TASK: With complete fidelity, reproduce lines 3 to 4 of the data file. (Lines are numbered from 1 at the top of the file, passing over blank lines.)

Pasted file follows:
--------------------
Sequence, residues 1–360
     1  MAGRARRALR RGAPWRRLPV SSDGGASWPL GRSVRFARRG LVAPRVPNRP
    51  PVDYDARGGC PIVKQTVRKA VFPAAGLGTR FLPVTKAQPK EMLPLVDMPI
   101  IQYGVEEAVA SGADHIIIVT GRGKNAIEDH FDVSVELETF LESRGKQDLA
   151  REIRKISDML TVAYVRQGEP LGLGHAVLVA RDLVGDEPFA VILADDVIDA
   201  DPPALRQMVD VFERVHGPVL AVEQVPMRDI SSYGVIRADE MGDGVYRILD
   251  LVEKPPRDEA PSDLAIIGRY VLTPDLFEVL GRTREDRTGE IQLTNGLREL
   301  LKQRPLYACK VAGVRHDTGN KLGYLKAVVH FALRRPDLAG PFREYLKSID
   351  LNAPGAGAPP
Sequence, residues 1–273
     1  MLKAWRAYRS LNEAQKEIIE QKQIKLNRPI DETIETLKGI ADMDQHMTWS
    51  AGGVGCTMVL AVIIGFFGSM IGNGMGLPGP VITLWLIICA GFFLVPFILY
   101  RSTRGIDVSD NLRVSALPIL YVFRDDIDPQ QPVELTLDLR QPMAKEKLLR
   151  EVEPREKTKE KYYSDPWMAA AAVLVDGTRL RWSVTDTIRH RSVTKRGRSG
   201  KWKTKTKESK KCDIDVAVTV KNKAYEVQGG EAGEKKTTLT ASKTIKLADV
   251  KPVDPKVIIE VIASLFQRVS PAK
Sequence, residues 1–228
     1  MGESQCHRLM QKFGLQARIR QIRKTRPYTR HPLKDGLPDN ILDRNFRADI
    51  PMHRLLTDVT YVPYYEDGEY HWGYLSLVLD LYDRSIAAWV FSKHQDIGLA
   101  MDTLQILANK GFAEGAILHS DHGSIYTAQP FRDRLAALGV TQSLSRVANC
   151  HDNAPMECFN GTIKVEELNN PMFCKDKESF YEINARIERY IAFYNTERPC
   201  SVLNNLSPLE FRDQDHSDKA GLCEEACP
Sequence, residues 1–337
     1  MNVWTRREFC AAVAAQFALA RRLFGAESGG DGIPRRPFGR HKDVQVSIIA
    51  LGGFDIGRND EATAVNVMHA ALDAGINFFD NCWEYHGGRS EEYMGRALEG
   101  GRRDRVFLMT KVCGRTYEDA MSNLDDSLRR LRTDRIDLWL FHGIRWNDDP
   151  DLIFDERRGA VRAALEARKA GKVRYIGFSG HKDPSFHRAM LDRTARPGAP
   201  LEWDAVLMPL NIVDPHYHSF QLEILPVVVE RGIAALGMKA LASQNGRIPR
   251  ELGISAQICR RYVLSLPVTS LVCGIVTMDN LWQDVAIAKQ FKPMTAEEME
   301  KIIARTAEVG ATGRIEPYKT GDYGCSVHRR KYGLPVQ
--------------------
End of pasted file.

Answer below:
    51  PVDYDARGGC PIVKQTVRKA VFPAAGLGTR FLPVTKAQPK EMLPLVDMPI
   101  IQYGVEEAVA SGADHIIIVT GRGKNAIEDH FDVSVELETF LESRGKQDLA